Whitley v. Hulon

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194 Ga. App. 363 (1990)

390 S.E.2d 598

WHITLEY v. HULON.

A89A1142.

Court of Appeals of Georgia.

Decided December 20, 1989.

Rehearing Denied February 2, 1990.

Robert B. Sumner, Mills & Chasteen, Ben B. Mills, Jr., for appellant.

Gibson & Jackson, Douglas L. Gibson, for appellee.

McMURRAY, Presiding Judge.

Plaintiff Barbara Joan Whitley brought this slip and fall case against defendant Michael Hulon, d/b/a Western Sizzlin of Fitzgerald. She alleged that she entered defendant's restaurant on October 24, 1985, to eat lunch and that as she left the restaurant she fell and sustained severe and disabling injuries. Defendant was alleged to be negligent in failing to remedy what he knew was a dangerous condition upon his premises. Defendant answered the complaint and denied any liability whatsoever. Following discovery, defendant moved for summary judgment. The motion was granted and plaintiff appealed.

Viewing the evidence in a light favorable to plaintiff, the party opposing the motion for summary judgment, we find the following: Prior to October 24, 1985, plaintiff visited defendant's restaurant at least one time. On the day in question, plaintiff entered the restaurant by walking up a wheelchair ramp which led to a door. After eating lunch, plaintiff exited the restaurant via the same door. As she walked out the door, however, plaintiff turned to her left (cutting across the wheelchair ramp) to take a shortcut to the parking lot. In so doing, plaintiff placed her foot on a slope which extended from the edge of the wheelchair ramp to the parking lot. Plaintiff slipped on the slope and fell to the ground.

Plaintiff averred that she was aware of the slope but she did not realize that it was unsafe. In this regard, she averred that the slope was black, the same color as the parking lot and that, therefore, she could not ascertain the degree of the slope. (She may have noticed the danger, plaintiff insisted, if the slope had been painted a color different from that of the parking lot.) Moreover, plaintiff averred that, unbeknownst to her, the slope was very slick.

Defendant himself characterized the slope as being "very abrupt" and the evidence demonstrated that prior to plaintiff's fall, another customer of defendant fell on the slope. Nonetheless, defendant took no steps to warn customers of the condition of the slope, or to prevent customers from stepping upon the slope, prior to plaintiff's fall.

In Pinkney v. VMS Realty, 189 Ga. App. 177, 178 (375 SE2d 90), plaintiff stepped off of a ramp in a parking garage and fell. She conceded that she was aware of the existence of the ramp and that if she had "`looked for it very closely'" she could have seen the drop-off. She added, however, that the drop-off was not "readily observable because the two levels appeared to blend together due to the poor lighting and the absence of any railings or warning markers." The trial court granted summary judgment to defendants and we reversed, holding: "Although [plaintiff] conceded her obvious knowledge that *364 she was parked on a ramp and further conceded that she would have been able to see the ledge had she been looking down at it `very closely,' she explained that her attention was focused on the security guard and that, due to the poor lighting and the lack of any guard rails or warning markers, the two levels appeared to blend together. Whether her failure to see the ledge constituted a lack of due care for her own safety under these circumstances and whether, if so, her negligence outweighed any possible negligence on the part of the [defendants] in failing to provide a guard rail, warning markers, and/or better lighting are issues of fact to be resolved by a jury. [Cits.]"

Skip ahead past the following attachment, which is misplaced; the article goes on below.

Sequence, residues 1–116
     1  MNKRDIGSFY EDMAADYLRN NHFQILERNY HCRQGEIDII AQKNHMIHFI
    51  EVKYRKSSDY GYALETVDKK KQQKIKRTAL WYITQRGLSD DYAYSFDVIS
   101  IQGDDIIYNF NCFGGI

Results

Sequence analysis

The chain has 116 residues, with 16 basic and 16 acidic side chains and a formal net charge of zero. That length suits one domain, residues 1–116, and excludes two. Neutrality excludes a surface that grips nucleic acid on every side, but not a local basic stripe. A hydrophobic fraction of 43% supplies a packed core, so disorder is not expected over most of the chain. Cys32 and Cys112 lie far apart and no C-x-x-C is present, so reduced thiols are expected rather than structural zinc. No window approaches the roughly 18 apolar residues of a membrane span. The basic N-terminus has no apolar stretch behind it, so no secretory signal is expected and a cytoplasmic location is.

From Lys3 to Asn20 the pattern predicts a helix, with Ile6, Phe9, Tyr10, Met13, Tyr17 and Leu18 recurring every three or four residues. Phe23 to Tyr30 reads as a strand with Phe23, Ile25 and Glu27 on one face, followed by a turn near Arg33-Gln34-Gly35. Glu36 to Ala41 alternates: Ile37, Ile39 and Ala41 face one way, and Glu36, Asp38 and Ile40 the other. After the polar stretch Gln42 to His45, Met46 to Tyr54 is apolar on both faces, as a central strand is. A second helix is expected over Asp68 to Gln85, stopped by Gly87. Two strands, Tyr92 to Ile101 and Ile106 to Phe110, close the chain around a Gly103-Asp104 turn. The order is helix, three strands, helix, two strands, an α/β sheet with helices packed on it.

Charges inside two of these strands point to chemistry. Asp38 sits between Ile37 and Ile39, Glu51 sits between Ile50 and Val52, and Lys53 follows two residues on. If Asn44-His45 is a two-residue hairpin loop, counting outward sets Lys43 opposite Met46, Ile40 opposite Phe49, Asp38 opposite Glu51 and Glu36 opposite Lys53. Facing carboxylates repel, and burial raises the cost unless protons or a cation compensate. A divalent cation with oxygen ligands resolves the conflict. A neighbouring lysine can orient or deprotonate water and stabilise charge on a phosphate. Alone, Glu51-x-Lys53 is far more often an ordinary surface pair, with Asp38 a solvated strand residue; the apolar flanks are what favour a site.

In the case sub judice, as in Pinkney, plaintiff was aware of the existence of the slope but she was unable to appreciate the danger posed by the slope. Why? Because the slope blended together with the parking lot and plaintiff was unable to discern the degree of the slope. Given these circumstances, we conclude that the trial court erred in granting defendant's motion for summary judgment. Whether plaintiff exercised a reasonable lookout and whether defendant should have painted the slope, erected a guardrail or posted warning signs are questions of fact which should be resolved by a jury. Pinkney v. VMS Realty, 189 Ga. App. 177, supra.

Judgment reversed. Carley, C. J., Banke, P. J., Pope and Benham, JJ., concur. Deen, P. J., Birdsong, Sognier and Beasley, JJ., dissent.

BEASLEY, Judge, dissenting.

The record shows, and the briefs adequately develop, that summary judgment for defendant was required by law.

The incident occurred on plaintiff's way out, after she had entered the same way and had seen the black asphalt slope on the side of the concrete ramp. Nothing obstructed her view of it. She realized it was sloped. What is more, she had been there several times, when the condition was the same.

Additionally, her contradictory statements that there was something slick and rough are not explained. Prophecy Corp. v. Charles Rossignol, Inc., 256 Ga. 27, 30 (343 SE2d 680) (1986).

She said she did not know what caused her to fall. "I slipped, I suppose. My foot slipped as I stepped down," she said. She could see the paving she fell on, which was where the slope started to level out at the bottom, and she agreed there was no foreign substance. Her opinion that it was unsafe was a conclusion she drew based solely on her unsubstantiated belief that many people fell on it.

There is no evidence of a latent danger or concealed hazard, as distinguished from the cases cited by plaintiff. Instead, it more closely approximates Thacker v. Matthews Tuxedo, 183 Ga. App. 474 (359 SE2d 231) (1987).

*365 I am authorized to state that Presiding Judge Deen and Judge Sognier join in this dissent.